As a new mechanical engineering assistant professor-in-residence, Melissa Morris is filling one of five new teaching-focused faculty positions created by the College of Engineering in its continuing effort to increase student retention and success. With her background in teaching and advising, her engagement with student groups both as a student herself and as a faculty member, the transplant from West Virginia is uniquely positioned to lift up the college’s students and show them that they, too, can be engineers.
I crashed campus here about six years ago and actually ended up running into Woosoon Yim, a mechanical engineering professor. I was in town because my parents retired to Boulder City and my husband and I would come out at the holidays to visit. I wanted to see the university, and I was really impressed with the Engineering College, and how beautiful the campus was. I was not expecting it to be so green. Then, about three years ago, we spent three weeks here during summer, to see if we could really handle the heat. I decided I wanted to work at UNLV and kept watching for a teaching-focused position to become open. When it did, I immediately applied.
What were some of your most pleasant surprises about moving to Southern Nevada?
Everyone here is very laid back and really nice. They approach and talk to you. When we were moving in, a random person, who ended up being a neighbor, walked up our driveway, welcomed us to the neighborhood, and started carrying boxes into our house. That was really nice.
Is the winter ordeal better or worse than the Las Vegas summer heat?
I will miss the snow a little bit and those times when there’s two feet of it on the ground. But I won’t miss scraping the ice off of my car or driving on icy roads. I have two French bulldogs – Frankleton and Burno – and they aren’t used to not having any grass (our yard has desert landscaping). But we’re getting sod as soon as the weather cools down so that should help.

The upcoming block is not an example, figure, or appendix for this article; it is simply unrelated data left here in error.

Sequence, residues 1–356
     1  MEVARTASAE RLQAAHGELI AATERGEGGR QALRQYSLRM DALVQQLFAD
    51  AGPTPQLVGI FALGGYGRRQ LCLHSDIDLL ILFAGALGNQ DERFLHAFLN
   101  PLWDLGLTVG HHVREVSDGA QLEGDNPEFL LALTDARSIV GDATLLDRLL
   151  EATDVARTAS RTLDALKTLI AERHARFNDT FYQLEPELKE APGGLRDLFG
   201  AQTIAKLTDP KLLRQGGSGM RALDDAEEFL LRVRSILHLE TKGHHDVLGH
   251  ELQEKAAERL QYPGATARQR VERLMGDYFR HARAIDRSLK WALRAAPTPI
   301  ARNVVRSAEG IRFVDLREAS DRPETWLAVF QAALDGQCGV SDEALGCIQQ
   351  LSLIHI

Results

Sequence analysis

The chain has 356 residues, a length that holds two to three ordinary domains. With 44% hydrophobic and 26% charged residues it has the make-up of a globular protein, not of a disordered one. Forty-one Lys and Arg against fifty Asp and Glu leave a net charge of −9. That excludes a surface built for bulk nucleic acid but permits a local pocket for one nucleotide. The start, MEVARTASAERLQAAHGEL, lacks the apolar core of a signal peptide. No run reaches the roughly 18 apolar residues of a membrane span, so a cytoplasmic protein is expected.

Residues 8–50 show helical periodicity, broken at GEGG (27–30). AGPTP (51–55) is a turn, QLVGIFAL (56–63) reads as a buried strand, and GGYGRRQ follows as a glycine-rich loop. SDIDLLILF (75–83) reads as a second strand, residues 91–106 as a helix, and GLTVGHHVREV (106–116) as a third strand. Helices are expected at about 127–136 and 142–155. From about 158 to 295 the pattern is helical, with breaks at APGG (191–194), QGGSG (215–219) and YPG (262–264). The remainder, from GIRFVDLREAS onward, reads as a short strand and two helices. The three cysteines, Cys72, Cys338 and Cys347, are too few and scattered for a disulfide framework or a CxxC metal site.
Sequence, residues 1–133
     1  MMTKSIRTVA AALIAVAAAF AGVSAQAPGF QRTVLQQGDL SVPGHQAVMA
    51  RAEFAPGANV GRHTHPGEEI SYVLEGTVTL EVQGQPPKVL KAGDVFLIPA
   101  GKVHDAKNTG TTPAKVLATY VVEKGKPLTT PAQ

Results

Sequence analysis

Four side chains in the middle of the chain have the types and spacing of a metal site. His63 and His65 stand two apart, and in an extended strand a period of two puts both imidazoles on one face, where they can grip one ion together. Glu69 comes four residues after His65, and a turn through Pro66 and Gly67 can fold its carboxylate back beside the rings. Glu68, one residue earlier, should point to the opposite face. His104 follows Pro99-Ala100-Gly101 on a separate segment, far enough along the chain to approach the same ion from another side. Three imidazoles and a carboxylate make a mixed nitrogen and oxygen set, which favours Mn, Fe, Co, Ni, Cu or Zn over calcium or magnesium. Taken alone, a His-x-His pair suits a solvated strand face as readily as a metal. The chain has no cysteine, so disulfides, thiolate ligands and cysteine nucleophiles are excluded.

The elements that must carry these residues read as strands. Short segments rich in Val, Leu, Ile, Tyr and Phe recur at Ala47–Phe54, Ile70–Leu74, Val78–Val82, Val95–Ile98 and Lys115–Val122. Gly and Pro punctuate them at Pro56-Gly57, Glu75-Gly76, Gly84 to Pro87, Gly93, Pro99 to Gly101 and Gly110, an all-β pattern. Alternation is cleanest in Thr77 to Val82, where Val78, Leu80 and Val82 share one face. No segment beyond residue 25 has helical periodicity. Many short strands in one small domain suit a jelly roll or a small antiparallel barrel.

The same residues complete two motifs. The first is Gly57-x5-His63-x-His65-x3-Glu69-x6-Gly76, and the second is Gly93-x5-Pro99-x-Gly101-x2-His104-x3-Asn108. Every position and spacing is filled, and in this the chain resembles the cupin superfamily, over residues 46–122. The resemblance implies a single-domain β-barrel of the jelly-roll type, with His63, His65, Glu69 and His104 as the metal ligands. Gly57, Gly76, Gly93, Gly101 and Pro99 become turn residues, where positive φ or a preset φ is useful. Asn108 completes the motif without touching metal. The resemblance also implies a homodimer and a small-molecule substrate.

What’s the most Vegas thing you’ve done since you got here?
My only Vegas vice is occasionally playing bingo at a Stations casino. I live in Boulder City where there’s no gambling, so an hour or two of bingo can be fun. But what I really love is that there is so much to do here off the Strip.
Tell us about an a-ha moment in your career
When I finished my B.S. in mechanical engineering, I wasn’t sure what I wanted to do next. That’s kind of a scary place to be, so I continued on with my education. It wasn’t until I was getting my master’s degree and started advising students that I felt, "This is what I’m meant to do!" At WVU (West Virginia University) I was a teaching-focused faculty member. I did research, but it wasn’t what interested me most. What I found most rewarding was working with students. For a time I considered teaching high school or even elementary school, but my dad encouraged me to think about college level. He was a mechanical engineering professor for 30 years. I actually had him for one class. That wasn’t supposed to happen but the faculty member teaching that particular course couldn’t, so my dad stepped in. It was terrifying!
Tell us something you’re passionate about in your field.
Tau Beta Pi. It is the oldest engineering honor society and is globally recognized for engineering excellence. They have strict scholastic and character requirements for members. There’s a real benefit to current and former student members because employers in the field recognize the distinction and know you’re at the top of your class. While in college, it gives students the opportunity to meet other students with similar academic goals. But the organization is also very active even when you’re out of school, for example, networking with other alumni. I was an officer of the honor society when I was a student, a chief faculty advisor for the student chapter at WVU, and also a District 4 director. Since moving to Southern Nevada, I have become District 16 director.